Scotland’s government and national museum have been fighting over who will pay to return a 168-year-old totem pole to the Nisga’a First Nation.
Last December, after a delegation of Nisga’a elders and representatives visited the museum to explain the significance of the Ni’isjoohl Memorial Pole, Scotland agreed to return it to the coastal nation.
The pole was carved from red cedar in 1855 and tells the story of Ts’aawit, a Nisga’a chief. The Nisga’a say it was taken without consent while locals were away from their villages for the annual hunting season. The pole was removed from Nisga’a territory in 1929 by Canadian anthropologist Marius Barbeau and sold to the National Museum of Scotland, where it has been on display ever since.
It’s still there, while the museum and Scottish government have been arguing over moving costs, estimated to be nearly $1.2 million dollars. The government’s suggestion the museum try crowdfunding the move met with significant pushback, according to Scottish media, and the government has now agreed to contribute half a million dollars.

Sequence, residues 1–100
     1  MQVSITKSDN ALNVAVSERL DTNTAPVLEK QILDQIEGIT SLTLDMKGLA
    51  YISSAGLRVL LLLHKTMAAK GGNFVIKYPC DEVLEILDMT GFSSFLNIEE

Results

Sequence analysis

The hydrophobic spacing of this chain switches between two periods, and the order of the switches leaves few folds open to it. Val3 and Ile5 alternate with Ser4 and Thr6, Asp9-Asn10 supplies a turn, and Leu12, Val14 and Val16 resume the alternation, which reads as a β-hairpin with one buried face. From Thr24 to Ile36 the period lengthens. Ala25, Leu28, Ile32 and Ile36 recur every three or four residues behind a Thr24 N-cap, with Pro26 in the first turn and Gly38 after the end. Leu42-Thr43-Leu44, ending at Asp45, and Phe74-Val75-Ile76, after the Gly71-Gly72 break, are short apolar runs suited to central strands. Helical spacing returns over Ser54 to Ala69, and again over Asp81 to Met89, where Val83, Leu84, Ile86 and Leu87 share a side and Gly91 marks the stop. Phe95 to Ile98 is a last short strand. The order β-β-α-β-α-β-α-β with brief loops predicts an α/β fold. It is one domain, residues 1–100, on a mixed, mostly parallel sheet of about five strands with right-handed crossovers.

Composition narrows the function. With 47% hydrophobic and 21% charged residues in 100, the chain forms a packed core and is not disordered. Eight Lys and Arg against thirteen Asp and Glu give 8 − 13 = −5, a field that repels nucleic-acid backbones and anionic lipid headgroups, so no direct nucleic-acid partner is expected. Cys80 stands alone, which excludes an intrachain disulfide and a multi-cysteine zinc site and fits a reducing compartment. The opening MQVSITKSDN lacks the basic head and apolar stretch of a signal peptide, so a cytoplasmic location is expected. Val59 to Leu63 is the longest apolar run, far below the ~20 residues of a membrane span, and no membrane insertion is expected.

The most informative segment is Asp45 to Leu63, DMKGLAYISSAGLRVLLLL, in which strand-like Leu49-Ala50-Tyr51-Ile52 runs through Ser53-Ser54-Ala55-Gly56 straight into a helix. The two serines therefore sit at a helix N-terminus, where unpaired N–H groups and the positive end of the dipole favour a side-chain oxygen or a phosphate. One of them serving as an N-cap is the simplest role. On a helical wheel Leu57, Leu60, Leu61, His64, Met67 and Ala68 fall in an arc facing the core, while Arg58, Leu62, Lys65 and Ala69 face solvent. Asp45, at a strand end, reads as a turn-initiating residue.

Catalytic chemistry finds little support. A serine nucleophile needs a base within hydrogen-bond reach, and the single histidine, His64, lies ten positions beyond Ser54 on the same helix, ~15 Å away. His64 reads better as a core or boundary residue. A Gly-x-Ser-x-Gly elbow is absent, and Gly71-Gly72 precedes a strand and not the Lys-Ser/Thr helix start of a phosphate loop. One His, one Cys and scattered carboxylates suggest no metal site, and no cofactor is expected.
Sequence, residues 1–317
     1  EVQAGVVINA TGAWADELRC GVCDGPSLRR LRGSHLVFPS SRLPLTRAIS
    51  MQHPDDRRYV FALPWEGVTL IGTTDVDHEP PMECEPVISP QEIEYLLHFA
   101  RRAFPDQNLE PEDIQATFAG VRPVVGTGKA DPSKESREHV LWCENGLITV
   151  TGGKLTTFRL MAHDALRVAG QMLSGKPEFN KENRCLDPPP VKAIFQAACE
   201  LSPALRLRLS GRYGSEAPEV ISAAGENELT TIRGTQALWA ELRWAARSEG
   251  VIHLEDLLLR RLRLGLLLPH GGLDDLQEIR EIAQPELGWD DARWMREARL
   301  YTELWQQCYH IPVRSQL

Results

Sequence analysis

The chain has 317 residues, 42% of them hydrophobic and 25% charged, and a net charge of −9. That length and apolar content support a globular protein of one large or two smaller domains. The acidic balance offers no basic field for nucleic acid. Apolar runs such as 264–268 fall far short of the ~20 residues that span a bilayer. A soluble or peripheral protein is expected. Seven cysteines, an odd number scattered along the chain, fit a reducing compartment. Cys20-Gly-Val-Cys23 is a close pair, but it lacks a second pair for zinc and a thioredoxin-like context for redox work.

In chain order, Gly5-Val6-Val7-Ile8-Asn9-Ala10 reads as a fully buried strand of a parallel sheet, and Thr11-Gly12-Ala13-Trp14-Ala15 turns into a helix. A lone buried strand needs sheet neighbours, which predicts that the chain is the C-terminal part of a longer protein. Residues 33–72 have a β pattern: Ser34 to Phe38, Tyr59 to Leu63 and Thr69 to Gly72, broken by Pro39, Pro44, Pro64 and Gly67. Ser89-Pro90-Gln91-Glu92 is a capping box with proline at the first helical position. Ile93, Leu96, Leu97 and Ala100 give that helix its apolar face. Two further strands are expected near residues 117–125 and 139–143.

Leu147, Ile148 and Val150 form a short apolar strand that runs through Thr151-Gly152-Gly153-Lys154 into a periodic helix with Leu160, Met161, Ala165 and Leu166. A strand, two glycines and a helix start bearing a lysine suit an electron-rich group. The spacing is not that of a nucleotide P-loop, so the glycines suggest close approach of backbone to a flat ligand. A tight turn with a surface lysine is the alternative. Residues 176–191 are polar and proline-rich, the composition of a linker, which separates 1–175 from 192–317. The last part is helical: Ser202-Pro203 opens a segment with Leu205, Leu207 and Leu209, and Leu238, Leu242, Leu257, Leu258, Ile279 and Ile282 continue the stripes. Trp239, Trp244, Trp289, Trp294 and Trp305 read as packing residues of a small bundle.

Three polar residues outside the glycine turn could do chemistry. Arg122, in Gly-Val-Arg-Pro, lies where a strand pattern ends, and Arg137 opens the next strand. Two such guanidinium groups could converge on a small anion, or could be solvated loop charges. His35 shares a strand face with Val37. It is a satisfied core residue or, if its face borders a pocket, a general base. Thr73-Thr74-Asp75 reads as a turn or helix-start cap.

At least half of the estimated cost of the project is to construct a replacement pole for the museum’s gallery. The government says the original should be removed and returned first, and a replacement added later.
To get the pole out of the building, the museum will need to clear entire galleries and remove a window while the one-tonne totem is put in a special cradle. Roads will need to be closed as the 11-metre-long pole is taken to the airport.
Canadian Forces will help fly the pole back to Canada.
There’s no current timeline for the pole’s return to its home in the Nass Valley.